- How to shape your reputation: Extreme or standout behaviors also hold a lot of weight when constructing and changing our reputation. Specifically, the more difficult it is to do something, the more telling it is of your character. For example, if John genuinely extends the olive branch to his biggest rival in the firm, people will commend his humility. Or if Shivansh is challenged in front of the executive team and stands his ground, others would note his courage and conviction going forward. Ben & Jerry’s recently provided a good example of this at the corporate level. Back in June, companies and organizations all over the world issued statements in response to the killing of George Floyd. These ranged from vague promises of commitment to social justice to unequivocal support of Black Lives Matter and related movements. Ben & Jerry’s released not only a powerfully-written statement, but a list of demands aimed at various branches of the government to take action in dismantling white supremacy. They are also continuing to take action in this space. This demonstrates that their values and priorities go far beyond that of your typical ice cream company.
Now what? During COVID-19, there is a heightened vigilance for signs of your true character. Faced with new stressors and job insecurity, we shift our focus toward what is at stake and how we stack up against peers or competitors. Everyone wants to know who is competent, trustworthy, loyal, and courageous in this trying time. Plus, it is important that we are intentional about the story that is told in our absence so we can maintain trust while not physically present.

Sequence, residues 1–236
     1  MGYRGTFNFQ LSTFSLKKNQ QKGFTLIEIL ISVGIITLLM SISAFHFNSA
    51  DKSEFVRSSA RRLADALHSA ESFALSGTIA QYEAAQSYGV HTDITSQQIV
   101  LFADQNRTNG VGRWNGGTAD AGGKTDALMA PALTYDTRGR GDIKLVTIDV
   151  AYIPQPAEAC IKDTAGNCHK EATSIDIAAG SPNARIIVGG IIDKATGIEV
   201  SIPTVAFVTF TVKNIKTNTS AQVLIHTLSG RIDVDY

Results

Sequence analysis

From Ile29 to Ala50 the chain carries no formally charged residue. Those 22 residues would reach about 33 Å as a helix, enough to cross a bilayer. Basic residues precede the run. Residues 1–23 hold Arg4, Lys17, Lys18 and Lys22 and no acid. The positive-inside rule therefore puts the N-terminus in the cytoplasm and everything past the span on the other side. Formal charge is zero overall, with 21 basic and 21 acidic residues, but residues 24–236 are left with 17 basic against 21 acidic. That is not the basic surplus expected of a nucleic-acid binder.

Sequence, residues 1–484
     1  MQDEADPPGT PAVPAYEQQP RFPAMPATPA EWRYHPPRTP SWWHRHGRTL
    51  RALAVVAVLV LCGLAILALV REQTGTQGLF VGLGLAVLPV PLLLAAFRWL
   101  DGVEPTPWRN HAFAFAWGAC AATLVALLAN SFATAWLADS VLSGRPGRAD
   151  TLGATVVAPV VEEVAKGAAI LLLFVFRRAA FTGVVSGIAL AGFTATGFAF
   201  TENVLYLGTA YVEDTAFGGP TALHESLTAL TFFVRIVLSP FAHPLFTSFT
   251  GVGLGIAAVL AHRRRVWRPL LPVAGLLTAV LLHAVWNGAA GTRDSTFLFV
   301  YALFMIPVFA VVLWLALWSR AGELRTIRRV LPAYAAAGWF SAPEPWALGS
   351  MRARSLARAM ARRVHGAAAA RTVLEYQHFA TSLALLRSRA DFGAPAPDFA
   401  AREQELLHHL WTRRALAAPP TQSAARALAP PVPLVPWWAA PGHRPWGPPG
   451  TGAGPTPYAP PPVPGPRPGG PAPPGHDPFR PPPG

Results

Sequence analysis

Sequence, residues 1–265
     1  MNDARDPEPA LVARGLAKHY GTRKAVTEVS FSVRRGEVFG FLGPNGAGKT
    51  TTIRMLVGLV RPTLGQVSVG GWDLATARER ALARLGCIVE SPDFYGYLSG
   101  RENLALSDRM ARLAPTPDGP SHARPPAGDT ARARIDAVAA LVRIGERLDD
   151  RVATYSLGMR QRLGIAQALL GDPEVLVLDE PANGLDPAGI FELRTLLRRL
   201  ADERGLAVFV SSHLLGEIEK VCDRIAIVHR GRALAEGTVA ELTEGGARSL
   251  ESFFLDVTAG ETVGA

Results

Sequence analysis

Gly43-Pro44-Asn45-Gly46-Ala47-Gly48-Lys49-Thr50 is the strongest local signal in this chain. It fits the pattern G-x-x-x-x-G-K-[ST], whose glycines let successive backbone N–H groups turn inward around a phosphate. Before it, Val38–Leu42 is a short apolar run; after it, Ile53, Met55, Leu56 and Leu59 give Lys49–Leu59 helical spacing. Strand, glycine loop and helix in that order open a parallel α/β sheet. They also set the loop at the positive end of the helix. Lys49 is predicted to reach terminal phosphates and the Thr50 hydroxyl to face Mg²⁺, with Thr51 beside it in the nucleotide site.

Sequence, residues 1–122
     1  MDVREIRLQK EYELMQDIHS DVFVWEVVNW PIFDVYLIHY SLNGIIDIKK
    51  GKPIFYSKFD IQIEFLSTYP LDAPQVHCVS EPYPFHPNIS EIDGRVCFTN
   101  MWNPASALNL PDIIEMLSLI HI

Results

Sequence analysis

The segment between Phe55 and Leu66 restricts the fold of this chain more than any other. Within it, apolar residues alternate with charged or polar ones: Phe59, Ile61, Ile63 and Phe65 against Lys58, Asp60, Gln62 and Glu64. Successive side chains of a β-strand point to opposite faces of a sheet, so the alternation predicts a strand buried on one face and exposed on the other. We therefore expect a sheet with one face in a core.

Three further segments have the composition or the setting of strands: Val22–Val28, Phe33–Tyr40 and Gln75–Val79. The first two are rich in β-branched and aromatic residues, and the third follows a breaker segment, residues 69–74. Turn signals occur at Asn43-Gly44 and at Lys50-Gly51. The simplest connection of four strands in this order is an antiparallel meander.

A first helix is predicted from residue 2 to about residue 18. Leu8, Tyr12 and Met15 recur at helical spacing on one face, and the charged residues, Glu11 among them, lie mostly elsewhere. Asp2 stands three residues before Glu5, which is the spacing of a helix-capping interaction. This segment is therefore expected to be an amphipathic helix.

So: What is the story you are telling others? Wherever you focus your attention amid a crisis is indicative of your character. The assumption is that many priorities are competing for our time and energy, and how you invest these shows what matters most to you. Consider the self-reflection guide below as a basis for auditing your reputation and thinking about how to take control of your story.
- How do you show you care about your most valuable relationships?
- What agenda items or meetings have been deprioritized and why, compared to pre-COVID?
- To what extent does your calendar reflect your values and priorities?
- To what extent does your budget reflect your values and priorities?
- What is the prevailing story you want to speak for you in your absence?
- If I were to ask leaders at your organization, would they know what you care most about, and how that might have shifted and changed in the last six months?
- What is one way you can experiment to change the story others share about you?
- Solicit feedback from peers, leaders, and your team. Ask about your reputation and their opinion of how it does or does not serve you.
These days, a lot is out of our control. But if you’re intentional about the reputation you shape, you can emerge as a trusted resource in times of uncertainty. To paraphrase another famous line by the great Mr. Jones: if you build it, people will come.
What experiences have you had with managing your personal reputation or your organization’s as you’ve navigated this tumultuous time? What have you learned? Tell us in the comments below!